Chronology of Andean Orogenesis from the Sedimentary Archive: Opportunities and Challenges Using Detrital Thermochronology
Julie Fosdick, University of Connecticut
Sedimentary rocks are a critically important chronological archive of structural processes during the tectonic growth and demise of convergent orogens. As technological advances in geochronology have revolutionized sedimentary provenance analysis, double (and triple) dating of minerals using multiple chronometers has generated a diverse toolset to constrain the timing of rock deformation, metamorphism, and exhumation. However, a persisting challenge in provenance analysis is to distinguish sediment derived directly from crystalline sources versus recycled source areas. This presentation discusses existing and new work from the southern Central Andes of the western margin of South America, a long-lived Cordilleran margin. Here, the paucity of Paleogene geologic records has been interpreted to reflect a period of neutral-stress/tectonic stasis and diminished plate coupling during subduction. Revised chronology on the timing of foreland basin deposition identifies a previously unrecognized phase of late Eocene sedimentation ca. 36-33 Ma. Double-dating of detrital zircons using U-Pb geochronology by LA-ICPMS and (U-Th)/He thermochronology from the Cenozoic Bermejo retroarc foreland basin yield zircon He dates between ca. 16 and 565 Ma (n = 80). Zircon U-Pb age spectra point to the High Andes (Frontal Cordillera) as sediment sources to the Eocene retroarc depocenter, consistent with eastward-directed paleocurrent indicators. Potential primary zircon sources in the High Andes include the Late Cretaceous and Cenozoic Andean Arc, Permo-Triassic Choiyoi Group rhyolitic volcanics, and the Carboniferous-Permian Elquí-Colangüil granitic batholiths. Notably, however, our detrital data show two distinct populations of Choiyoi volcanics: (1) grains with rapid post-emplacement cooling (Permo-Triassic He dates), and (2) grains with reset and more recent cooling (Eocene He dates). We suggest that these grains represent source areas within two different tectonic units of the Choiyoi Group characterized by different thermal histories. Alternative sources for the Choiyoi Group zircons include Permian and Mesozoic (Cretaceous) strata exposed in the Precordillera. These findings highlight challenges and opportunities to distinguish sediment derived directly from crystalline source areas versus recycled source areas. In the case of the Eocene Bermejo Basin, the syndepositional Eocene He dates are consistent with recently published bedrock apatite (U-Th)/He and fission track thermochronology from the Frontal Cordillera that suggests rapid cooling of Choiyoi Group by 35 Ma and a late Eocene constructional phase in the western and eastern limits of the High Andes. We interpret the rapidly exhumed Choiyoi grains in the Eocene basin-fill as sediment derived directly from the Frontal Cordillera during a renewed phase of hinterland unroofing.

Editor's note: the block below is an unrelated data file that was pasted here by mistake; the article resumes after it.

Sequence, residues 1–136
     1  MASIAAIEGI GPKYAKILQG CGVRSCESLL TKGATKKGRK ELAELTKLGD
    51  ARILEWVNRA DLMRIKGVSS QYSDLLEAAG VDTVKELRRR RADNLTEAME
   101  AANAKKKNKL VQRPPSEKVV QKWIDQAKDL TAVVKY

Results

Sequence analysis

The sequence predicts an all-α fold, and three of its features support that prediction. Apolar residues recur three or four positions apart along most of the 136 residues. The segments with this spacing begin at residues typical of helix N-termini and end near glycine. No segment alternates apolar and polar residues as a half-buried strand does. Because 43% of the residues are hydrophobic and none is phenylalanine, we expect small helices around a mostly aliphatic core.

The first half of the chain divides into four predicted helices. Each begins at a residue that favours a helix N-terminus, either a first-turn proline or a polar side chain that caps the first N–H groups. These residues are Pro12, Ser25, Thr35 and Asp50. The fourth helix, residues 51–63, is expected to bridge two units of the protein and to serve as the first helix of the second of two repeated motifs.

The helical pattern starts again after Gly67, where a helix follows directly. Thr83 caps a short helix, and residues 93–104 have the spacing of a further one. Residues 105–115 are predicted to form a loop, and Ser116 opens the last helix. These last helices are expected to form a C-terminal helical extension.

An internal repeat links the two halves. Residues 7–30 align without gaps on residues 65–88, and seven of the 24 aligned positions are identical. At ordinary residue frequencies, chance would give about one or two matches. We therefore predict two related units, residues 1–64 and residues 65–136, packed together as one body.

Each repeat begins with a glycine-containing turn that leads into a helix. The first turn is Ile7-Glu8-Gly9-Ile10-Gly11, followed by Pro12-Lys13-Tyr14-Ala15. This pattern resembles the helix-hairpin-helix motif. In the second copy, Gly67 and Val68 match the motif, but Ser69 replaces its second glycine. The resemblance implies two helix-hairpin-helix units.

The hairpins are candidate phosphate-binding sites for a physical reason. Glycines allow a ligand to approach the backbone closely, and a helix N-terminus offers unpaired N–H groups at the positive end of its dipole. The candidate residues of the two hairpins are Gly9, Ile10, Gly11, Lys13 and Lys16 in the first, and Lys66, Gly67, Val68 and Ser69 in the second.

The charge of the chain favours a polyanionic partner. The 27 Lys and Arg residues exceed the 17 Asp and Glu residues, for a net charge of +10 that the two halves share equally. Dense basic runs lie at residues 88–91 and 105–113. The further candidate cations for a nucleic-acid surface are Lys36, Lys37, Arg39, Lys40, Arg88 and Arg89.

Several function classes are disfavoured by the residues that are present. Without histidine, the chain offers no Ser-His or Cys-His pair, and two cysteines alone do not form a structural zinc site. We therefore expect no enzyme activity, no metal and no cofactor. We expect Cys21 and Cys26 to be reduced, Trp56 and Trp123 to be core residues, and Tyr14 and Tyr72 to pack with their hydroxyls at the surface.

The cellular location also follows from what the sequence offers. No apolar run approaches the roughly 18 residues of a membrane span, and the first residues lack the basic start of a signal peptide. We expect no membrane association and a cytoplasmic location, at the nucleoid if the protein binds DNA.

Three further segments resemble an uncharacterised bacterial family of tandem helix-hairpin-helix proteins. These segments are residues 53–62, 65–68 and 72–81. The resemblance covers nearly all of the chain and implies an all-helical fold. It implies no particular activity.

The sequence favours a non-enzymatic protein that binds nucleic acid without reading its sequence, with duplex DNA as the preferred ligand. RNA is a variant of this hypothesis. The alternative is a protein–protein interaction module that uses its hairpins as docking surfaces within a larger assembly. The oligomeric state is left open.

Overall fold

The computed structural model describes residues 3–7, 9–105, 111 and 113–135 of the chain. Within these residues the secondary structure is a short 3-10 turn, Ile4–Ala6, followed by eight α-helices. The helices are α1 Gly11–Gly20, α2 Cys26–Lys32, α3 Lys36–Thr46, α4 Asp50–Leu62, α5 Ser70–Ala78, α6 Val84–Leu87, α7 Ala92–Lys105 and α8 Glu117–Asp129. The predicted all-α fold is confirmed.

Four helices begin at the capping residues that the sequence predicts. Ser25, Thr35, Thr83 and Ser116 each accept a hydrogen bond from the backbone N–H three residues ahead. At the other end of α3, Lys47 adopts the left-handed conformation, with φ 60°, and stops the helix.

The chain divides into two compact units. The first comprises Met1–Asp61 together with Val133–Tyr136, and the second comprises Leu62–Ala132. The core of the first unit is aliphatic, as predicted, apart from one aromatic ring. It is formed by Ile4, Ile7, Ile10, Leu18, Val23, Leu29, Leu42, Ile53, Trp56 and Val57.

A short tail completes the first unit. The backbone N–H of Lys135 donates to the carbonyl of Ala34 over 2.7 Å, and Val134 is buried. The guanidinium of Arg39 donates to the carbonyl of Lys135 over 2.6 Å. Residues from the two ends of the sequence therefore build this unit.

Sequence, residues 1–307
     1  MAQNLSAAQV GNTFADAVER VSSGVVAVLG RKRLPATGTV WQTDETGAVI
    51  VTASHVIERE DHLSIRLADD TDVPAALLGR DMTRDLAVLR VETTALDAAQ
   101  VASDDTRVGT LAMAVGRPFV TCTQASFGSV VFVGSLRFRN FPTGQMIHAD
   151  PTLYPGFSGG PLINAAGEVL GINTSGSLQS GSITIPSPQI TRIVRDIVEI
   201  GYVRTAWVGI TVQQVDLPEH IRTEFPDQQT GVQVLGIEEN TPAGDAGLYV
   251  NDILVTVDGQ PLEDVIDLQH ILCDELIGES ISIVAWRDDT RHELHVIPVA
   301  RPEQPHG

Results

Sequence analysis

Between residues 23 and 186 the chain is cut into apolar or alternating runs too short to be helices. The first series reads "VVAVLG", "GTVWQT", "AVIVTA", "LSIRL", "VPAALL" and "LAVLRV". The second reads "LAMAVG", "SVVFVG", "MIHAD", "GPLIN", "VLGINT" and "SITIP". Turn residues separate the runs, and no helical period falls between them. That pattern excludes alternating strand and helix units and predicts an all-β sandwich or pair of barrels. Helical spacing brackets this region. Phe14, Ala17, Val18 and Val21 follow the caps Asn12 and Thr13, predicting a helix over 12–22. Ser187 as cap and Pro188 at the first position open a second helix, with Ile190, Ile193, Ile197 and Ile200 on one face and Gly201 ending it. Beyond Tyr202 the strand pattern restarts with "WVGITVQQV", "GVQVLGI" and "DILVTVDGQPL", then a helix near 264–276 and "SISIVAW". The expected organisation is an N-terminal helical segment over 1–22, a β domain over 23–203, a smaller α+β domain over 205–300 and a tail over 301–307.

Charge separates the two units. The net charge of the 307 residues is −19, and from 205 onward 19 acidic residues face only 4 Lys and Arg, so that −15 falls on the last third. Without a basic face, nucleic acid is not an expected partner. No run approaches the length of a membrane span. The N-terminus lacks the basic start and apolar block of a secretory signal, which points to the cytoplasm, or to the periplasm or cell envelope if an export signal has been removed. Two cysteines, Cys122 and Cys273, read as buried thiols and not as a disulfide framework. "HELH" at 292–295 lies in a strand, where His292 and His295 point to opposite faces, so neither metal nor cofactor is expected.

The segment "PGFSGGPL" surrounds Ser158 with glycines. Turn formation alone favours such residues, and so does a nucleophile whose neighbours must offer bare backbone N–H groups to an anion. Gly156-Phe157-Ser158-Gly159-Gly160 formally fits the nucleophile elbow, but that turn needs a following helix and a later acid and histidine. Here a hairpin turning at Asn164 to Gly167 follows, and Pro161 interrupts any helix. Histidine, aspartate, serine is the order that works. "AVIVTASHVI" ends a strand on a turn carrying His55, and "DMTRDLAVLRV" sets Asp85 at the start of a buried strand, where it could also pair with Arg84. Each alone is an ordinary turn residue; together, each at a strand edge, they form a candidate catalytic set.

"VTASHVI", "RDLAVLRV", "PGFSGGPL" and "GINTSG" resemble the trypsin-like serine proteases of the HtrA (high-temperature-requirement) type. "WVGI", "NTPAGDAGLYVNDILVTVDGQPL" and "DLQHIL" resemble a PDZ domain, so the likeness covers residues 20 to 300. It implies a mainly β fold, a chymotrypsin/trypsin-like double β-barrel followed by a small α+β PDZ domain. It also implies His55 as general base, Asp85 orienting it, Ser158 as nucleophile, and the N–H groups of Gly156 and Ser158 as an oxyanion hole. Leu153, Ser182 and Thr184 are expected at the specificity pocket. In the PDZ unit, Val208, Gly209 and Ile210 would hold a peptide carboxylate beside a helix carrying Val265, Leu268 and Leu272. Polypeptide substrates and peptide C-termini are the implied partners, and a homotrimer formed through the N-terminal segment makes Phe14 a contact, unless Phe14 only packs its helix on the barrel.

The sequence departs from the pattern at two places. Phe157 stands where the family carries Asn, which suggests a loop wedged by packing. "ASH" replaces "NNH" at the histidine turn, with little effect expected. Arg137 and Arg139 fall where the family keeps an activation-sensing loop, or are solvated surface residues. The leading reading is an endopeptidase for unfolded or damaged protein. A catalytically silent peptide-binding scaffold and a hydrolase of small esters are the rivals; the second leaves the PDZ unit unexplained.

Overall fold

Session 6: Advances in Geology, Geochronology, Geophysics